Growing up in a rucksack

When I left my job in Strasbourg in September 2011 I suddenly had the freedom to do whatever I wanted. It was a strange, liberating feeling – kind of scary that my life no longer had the routine of a 9-5 job, but exciting that I was moving on to new challenges. My dad happened to be going through the same experience and feelings because he retired on the same day that my contract in France ended. We were both entering new phases in our lives.

Looking back at things, I realise that my dad played a large role in my decision to leave my desk job behind and learn about ecotourism. He literally brought me up in the back of his rucksack:

In a rucksack

For as long as I can remember he would take kids on hiking trips (he was a sports teacher for 30 something years) to the nearby national parks back in the UK. More often than not I would tag along because I loved being outdoors – especially in the mountains. I always have done and always will do.

Growing up in a rucksack

(I seriously thought about submitting the above photo here  :-) – his original hipster days would soon come to an end though, as can be seen in the next photo.)

When I was fifteen my dad and I decided to walk part of the Pennine Way, the longest and best-known trail in England (and a little bit of Scotland). It was the first time we had attempted a long distance hike and, from the look of my grumpy teenager expression, I wasn’t looking forward to lugging that heavy backpack 20 miles on the first day wearing an old worn out pair of Doc Martens!

Old Nags Head

In the end we spent four great days together, walking about 55 miles from Edale to Hebdon Bridge. We vowed one day to complete the whole 268 miles, which takes about 19 days to complete and ends at Kirk Yetholm in Scotland. But for various reasons we never managed to find enough time to make our goal a reality.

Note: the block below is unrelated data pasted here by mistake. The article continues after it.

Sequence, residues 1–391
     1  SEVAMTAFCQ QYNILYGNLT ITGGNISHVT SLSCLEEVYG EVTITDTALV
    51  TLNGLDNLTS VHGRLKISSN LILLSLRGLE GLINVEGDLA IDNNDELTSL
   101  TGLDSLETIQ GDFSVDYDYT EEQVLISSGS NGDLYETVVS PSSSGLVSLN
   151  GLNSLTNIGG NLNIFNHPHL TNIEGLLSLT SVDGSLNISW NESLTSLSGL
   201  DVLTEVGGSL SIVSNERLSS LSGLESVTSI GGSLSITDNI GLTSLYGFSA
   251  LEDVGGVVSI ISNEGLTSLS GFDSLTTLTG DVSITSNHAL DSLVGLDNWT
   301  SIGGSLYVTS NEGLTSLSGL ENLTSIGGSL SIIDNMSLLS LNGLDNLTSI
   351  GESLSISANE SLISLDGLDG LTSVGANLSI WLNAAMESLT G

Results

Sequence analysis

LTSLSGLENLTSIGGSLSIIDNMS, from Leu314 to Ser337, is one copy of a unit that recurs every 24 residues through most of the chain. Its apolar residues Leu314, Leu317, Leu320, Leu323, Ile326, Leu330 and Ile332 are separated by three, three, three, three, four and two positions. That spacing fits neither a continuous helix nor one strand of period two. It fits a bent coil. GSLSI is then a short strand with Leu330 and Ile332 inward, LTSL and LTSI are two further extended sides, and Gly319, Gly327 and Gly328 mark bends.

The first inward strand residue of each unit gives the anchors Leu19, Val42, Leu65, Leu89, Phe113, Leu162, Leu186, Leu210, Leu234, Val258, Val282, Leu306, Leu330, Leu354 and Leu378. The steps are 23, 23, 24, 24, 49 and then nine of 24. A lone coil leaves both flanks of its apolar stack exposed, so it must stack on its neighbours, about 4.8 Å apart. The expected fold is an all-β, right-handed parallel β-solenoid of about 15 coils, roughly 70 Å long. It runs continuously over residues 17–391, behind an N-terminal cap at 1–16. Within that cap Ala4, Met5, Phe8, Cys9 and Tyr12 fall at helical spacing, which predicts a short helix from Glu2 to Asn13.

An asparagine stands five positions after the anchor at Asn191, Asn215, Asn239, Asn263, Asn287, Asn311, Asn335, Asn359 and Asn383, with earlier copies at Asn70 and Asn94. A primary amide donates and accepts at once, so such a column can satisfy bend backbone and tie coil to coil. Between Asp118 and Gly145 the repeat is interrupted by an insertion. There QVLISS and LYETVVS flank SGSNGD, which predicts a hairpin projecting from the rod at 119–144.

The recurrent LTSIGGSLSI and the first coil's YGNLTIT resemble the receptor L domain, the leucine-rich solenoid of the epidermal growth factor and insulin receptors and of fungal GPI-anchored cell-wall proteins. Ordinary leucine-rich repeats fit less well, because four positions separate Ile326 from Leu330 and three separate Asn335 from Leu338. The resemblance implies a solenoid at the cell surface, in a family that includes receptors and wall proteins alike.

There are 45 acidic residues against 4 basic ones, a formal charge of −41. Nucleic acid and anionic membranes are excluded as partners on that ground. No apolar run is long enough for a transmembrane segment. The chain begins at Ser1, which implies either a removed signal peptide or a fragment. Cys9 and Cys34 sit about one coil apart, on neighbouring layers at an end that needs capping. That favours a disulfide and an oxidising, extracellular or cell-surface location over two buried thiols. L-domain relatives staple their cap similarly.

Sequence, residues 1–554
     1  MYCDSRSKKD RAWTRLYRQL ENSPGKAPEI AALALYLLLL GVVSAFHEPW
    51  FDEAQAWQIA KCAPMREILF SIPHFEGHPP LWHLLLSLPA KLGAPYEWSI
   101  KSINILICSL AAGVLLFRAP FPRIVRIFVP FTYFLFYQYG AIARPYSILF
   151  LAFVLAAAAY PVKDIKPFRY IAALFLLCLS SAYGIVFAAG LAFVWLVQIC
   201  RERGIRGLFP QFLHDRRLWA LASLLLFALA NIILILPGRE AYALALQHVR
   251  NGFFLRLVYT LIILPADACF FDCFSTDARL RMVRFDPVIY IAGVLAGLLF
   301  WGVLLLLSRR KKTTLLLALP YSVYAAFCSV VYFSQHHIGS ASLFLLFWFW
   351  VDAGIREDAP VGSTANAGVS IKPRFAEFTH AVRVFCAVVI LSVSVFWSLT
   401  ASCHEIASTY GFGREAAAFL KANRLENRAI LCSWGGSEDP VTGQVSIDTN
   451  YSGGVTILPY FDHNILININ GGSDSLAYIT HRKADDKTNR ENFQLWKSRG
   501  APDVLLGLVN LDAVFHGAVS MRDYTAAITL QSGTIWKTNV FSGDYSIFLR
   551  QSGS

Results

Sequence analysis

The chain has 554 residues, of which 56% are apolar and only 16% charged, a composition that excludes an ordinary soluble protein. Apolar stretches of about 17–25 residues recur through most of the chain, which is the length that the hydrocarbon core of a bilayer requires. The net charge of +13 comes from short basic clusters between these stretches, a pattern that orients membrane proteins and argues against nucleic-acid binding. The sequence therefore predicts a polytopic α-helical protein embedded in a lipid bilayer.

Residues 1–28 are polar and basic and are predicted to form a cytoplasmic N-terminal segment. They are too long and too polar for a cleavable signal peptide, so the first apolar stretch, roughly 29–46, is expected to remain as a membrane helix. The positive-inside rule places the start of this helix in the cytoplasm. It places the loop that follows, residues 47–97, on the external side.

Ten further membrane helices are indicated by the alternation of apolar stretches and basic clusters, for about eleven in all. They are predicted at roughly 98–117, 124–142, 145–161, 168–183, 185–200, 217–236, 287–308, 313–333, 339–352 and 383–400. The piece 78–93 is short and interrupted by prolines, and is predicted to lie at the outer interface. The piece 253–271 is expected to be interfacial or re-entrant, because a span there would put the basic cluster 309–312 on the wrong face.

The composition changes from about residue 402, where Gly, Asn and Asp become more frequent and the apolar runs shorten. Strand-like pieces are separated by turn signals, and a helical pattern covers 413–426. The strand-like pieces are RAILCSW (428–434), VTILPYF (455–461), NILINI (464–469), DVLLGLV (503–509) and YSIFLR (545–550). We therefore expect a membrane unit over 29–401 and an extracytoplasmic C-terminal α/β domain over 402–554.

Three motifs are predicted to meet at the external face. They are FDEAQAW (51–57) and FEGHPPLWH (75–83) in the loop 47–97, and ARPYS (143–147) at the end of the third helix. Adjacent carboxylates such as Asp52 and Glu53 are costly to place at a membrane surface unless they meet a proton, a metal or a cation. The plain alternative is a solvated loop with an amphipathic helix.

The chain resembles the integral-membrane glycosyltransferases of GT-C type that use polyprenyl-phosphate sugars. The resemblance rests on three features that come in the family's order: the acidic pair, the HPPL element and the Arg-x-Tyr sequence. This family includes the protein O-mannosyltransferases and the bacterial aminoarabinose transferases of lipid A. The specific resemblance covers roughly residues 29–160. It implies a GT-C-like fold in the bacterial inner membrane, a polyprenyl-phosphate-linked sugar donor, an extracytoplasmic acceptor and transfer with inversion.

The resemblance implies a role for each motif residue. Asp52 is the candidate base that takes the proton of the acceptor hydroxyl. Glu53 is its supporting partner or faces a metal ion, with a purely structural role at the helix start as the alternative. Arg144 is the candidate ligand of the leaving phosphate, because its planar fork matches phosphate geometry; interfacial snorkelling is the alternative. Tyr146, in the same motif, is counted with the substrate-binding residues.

That all changed at the end of August 2011 – we both had time and it looked like we were finally going to do it. Unfortunately though, for reasons beyond our control, we weren’t going to be able to hike the whole trail. However, all was not lost – we still had time and still wanted to spend it together. I did a bit of research and found that there are 15 national parks in England, Scotland and Wales. We hadn’t been to most of them, I suggested that we go on a road trip to discover them, and that’s precisely what we did.

In the next posts I’ll write about our experiences, the things we saw and the places we went. I never knew how beautiful some parts of Great Britain are, and I hope you enjoy reading about them!


  1. What a great idea, Chris! Good idea to have a change, to do something you remember enjoying, and to make use of your BODY. So underused in much of our daily lives. So I look forward to hearing the next stage…

    Last summer, fed up of the the 3 last wet summers in Devon (the West Country was worse off than say, Kent and the East of England), I went off to do an Alexander Technique holiday in Greece, on the delightful, small island of Alonissos. It involved walking up and down steep and rough mule tracks, swimming in the lovely sea, and having Alexander lessons to improve posture and use of body. I came back relaxed and feeling as if I’d had a 1,000,000 mile service; Great! And I’m signed up for this summer too…
    I’d love to do some of the Pennine Way, have a go on a small stretch first to see if I’m up to it. Good luck on completing it some time!

    • I’m glad you like our idea Angela. We both love being active so we’re excited about how the project will develop over the next months. Thanks for the info about Alonissos – can you send us a link about the course you went on there?

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